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NewsAsia 21 Aug 07
Malaysia famed Trengganu turtle beach sees no nestings so far this year
KUALA LUMPUR : The leatherback turtle population in Malaysia has collapsed, with not a single nesting sighted so far this year, despite ongoing conservation efforts.
The eastern Terengganu coast in Malaysia used to be one of the largest nesting sites for the endangered leatherback turtle in the world, where thousands of female leatherbacks - having crossed the Pacific Ocean - return to the place they were born. In the last two decades, their numbers have dwindled drastically.
Last season saw just two nests on the beach, and this year, there's been none sighted so far. This is in spite of strict laws protecting nesting sites and efforts to build hatcheries.
"It's difficult to get the leatherbacks to return. They've become almost extinct. How can we breed them when we can hardly find their eggs," said Arifin Embong, Official, Local Fisheries Department.
Conservationists and wildlife experts were in Malaysia recently and called for an immediate action plan to halt the decline. They blame global climate change, egg harvesting and increased coastal fishing for upsetting the turtles' breeding habits.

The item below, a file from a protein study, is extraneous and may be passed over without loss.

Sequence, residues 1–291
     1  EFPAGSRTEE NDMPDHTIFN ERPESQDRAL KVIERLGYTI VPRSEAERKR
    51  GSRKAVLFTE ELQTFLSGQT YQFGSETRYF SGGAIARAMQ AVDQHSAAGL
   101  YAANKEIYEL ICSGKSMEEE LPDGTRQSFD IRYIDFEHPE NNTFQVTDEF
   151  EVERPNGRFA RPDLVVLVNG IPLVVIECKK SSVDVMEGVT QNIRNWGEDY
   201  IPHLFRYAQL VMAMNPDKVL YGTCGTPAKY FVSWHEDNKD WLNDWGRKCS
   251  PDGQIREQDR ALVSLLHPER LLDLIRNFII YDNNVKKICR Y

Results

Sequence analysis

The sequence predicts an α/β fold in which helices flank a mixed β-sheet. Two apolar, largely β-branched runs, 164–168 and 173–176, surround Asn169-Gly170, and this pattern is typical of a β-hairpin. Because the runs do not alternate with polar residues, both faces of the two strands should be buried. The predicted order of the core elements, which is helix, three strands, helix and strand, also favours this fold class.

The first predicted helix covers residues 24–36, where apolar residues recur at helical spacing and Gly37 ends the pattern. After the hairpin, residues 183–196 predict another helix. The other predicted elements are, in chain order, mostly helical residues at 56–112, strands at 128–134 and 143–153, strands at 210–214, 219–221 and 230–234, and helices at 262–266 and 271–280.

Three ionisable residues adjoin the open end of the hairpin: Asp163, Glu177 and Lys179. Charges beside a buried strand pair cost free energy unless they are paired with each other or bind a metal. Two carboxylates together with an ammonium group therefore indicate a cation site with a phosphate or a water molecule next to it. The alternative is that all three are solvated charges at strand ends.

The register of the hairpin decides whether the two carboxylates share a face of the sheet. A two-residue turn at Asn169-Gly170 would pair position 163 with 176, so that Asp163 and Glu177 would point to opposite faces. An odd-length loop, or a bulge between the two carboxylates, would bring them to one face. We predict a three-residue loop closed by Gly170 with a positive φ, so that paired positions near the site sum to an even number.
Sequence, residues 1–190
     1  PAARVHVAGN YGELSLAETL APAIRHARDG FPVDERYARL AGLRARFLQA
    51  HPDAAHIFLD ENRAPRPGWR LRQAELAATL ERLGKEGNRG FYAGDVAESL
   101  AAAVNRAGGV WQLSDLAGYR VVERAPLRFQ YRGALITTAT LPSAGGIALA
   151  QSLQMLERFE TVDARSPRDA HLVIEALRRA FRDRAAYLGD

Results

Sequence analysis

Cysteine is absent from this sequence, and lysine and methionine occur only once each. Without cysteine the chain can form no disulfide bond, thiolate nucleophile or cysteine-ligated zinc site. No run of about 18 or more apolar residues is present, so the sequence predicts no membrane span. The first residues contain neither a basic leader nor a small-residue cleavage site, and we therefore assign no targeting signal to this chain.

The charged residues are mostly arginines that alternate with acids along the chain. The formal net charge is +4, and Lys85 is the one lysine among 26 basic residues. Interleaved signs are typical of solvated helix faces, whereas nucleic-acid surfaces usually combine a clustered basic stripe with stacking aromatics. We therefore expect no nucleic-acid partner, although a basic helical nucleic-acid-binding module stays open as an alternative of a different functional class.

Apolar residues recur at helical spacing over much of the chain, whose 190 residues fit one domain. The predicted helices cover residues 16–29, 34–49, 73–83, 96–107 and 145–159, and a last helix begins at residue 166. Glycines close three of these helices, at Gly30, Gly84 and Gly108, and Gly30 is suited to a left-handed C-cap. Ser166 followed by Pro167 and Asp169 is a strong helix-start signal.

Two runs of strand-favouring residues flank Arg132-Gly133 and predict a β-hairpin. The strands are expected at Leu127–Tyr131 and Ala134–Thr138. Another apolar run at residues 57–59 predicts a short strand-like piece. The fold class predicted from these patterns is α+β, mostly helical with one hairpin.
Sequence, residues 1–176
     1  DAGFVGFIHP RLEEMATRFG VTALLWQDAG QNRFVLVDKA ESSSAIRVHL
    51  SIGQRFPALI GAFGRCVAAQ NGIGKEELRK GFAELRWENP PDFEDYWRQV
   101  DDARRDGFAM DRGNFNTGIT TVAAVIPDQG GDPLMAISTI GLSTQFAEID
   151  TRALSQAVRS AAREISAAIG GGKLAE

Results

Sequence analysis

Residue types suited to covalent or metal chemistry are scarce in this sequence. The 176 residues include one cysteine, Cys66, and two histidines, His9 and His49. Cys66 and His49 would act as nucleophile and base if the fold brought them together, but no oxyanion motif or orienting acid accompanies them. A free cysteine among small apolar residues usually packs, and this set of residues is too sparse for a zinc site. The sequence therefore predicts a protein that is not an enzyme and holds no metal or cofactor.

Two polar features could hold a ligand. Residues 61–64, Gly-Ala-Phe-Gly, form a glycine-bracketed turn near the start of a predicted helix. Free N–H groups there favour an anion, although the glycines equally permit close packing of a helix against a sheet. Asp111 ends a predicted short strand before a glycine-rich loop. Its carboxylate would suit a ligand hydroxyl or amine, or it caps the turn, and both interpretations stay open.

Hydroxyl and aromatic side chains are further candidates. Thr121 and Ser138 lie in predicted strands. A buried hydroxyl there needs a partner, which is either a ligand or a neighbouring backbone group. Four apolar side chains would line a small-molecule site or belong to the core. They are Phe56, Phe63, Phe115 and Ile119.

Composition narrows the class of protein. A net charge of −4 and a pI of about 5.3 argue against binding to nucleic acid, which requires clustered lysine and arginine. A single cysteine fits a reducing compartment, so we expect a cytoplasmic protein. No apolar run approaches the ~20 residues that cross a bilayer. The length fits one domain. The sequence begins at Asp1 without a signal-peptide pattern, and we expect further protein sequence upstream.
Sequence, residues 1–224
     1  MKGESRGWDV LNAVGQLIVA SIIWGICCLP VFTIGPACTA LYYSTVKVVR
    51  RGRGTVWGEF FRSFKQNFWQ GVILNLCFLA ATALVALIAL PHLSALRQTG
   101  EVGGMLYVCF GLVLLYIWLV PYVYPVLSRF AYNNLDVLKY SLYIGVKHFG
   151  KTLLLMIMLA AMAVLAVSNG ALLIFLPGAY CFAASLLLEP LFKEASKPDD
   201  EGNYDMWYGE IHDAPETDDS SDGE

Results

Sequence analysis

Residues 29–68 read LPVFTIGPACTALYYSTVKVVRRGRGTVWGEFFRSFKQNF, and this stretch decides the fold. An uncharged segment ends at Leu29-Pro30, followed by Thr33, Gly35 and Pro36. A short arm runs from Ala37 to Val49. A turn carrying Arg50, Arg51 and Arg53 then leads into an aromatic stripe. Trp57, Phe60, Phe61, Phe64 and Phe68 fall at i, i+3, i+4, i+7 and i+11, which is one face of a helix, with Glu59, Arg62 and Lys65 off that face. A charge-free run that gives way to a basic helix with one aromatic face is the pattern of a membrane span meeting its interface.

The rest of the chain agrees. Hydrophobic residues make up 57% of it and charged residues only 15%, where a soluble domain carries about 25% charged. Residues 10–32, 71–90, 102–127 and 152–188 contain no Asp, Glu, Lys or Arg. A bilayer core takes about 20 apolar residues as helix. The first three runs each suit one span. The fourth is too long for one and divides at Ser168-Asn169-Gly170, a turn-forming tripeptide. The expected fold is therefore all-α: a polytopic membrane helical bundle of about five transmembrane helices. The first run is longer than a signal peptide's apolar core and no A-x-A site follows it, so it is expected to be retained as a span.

"There has been a lot of fishing, so turtles have been caught in hooks and nets. Also, people have been eating more of the eggs, so what we are trying to do is to make everybody aware of what's going on and to get them onboard to save the leatherbacks," said Kitty Simonds, Executive Director, Western Pacific Regional Fishery Management Council.
Experts said the number of leatherback turtles in the Pacific has fallen to just 5,000, from over 90,000 in 1980.
While efforts are ongoing to protect nesting sites and boost hatching production not just in Malaysia but also across Papua New Guinea, Vietnam and the Solomon Islands, experts said a long-term fund-raising plan is very much needed to secure funding from both the public and private sectors to ensure the success of the rescue programmes over the next 20 years. - CNA /ls
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